4. This doesn't prevent criminal prosecution. Nothing in the agreement shows any guarantee by the feds. The feds couldn't prevent state prosecution. Realistically, I think it means that federal prosecution is unlikely for past deeds. [I'd love to make a convincing argument here that this shows that he's about to be indicted, just to mess with his head. But I'm not a lowlife liar like Craig Brittain.] Federal prosecutors have limited resources and will likely see this as a resolution of any investigation. As for state prosecution, it's still possible given the applicable statute of limitations. A victim might take the FTC complaint and Craig's agreement to the locals and use it as incentive to go after him for fraud or extortion, as some locals are doing as we speak. If you are one of Craig's victims, and want help putting together a package to persuade locals, I'm happy to help.

However, be sure of this — if Craig Brittain ever gets up to bad behavior again, this result makes it much more likely that prosecutors will decide to spend resources on him.

Is this the end of the Craig Brittain saga? Not necessarily. But it's certainly an end to Craig Brittain ever being employable.

He'll have to spend his time at his new hobby — trying to insinuate himself into GamerGate, which for whatever reason he thought would be receptive.

Edit: Adam offers up a link-dense post tracing Craig's changing excuses and stories. That post is why you don't want Adam investigating you.

Second Edit: Apparently you can find Craig at this Twitter account. He's concerned about media ethics.

"Is Anybody Down" Update: The Wheels Grind Slowly, But They Grind

Late last year I wrote about the vile humiliation-porn and extortion website "Is Anybody Down?" and its thoroughly creepy and sociopathic founders Craig Brittain and Chance Trahan. I wrote about how they engaged in a mail and wire fraud scheme by inventing a fake lawyer "David Blade III" to whom victims could pay to have their pictures and information taken down, and how Craig Brittain — who fancies himself a champion of free speech — tried to abuse the DMCA to get posts about him taken down. My posts on the subject are collected here.

I haven't written about them since them, but they've remained in the news. Adam Steinbaugh has been doing good work keeping track of them. Craig Brittain has been on a sort of national douchebag tour, showing up on blogs all over and television and newspapers. Trahan, by contrast, has been trying to distance himself from the whole enterprise and, so far as I can tell, set up a "not competent to stand trial" strategy. Civil and criminal disputes are generally not settled by freestyle rap battles.

Some have been frustrated by the fact that, aside from infamy and the ugly reality of living every day as themselves, Brittain and Trahan seem to have escaped consequences to date. People frustrated by that aren't used to the law's delay. The wheels grind slowly, but my friends, they do grind.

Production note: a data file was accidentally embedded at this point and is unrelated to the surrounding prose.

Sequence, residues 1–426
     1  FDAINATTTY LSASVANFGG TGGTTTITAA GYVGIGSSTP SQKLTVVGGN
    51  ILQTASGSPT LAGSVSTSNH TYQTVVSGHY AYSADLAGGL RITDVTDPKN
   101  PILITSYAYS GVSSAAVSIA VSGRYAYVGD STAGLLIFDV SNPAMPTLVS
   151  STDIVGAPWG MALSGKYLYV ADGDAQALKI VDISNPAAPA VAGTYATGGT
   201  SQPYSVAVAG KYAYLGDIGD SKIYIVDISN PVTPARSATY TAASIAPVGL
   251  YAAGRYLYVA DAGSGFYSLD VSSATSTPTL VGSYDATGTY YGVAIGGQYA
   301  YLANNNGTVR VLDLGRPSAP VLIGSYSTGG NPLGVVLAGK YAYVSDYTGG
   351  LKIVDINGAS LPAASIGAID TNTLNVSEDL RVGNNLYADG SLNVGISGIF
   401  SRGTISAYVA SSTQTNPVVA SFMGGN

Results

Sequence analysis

Civil attorneys are gathering and interacting with victims. Meanwhile, CBS Denver reports that the federal government has taken an interest.

Last week, a staff attorney for the federal agency contacted CBS4 with numerous questions about the CBS4 investigation. She characterized the inquiry as a “preliminary investigation” and asked that her name and agency not be revealed until a decision had been made on whether to go forward with a full blown federal investigation.

. . . .

“It’s not good for him,” she said of her agency’s interest in Brittain’s Internet activities. She said if her agency presses forward, they would likely seek “injunctive relief” to take down the website, but she conceded that would likely take months.

From that information, based on my experience, I suspect that the agency in question is the Federal Trade Commission. You might be disappointed that it's not a local United States Attorney's Office pursuing criminal charges. Don't be. First of all, a civil suit by the FTC is often the vanguard of a later criminal investigation by the local U.S. Attorney's Office. Second — and this is a Very Bad Thing not just for Brittain and Trahan, but for American justice — FTC lawsuits tend to yield the most grotesque parody of due process you're likely to see in a federal civil proceeding. As I've said before, I haven't seen any criminal clients — even ones accused of terrible things — screwed the way people targeted by the FTC get screwed. Typical consequences include draconian preliminary injunctions issued based on half-assed government requests, global asset freezes, and offensively perfunctory proceedings. Plus, federal and state criminal authorities wait in the wings to glean what they can from the information produced in the case.

So: the wheels are grinding. Watch them grind. Do Brittain and Trahan "deserve" it? Everyone accused of wrongdoing deserves due process. But in deciding how to feel about this, consider Adam Steinbaugh's latest post, in which he examines the allegations in a restraining order proceeding against Brittain back in 2005:

According to records provided by a Colorado court, Brittain’s ex-girlfriend (who I am not naming) alleged that after she broke up with him online, Brittain took control of one of her Yahoo accounts and began posting her phone number and address in a chat room, suggesting sexual acts. At about 7 in the morning, a man Brittain’s ex did not know, identifying himself as “Nate,” showed up at her door. ”Nate” explained that he had talked with someone he thought was Brittain’s ex-girlfriend an hour earlier. Presumably, “Nate” was not there to have breakfast.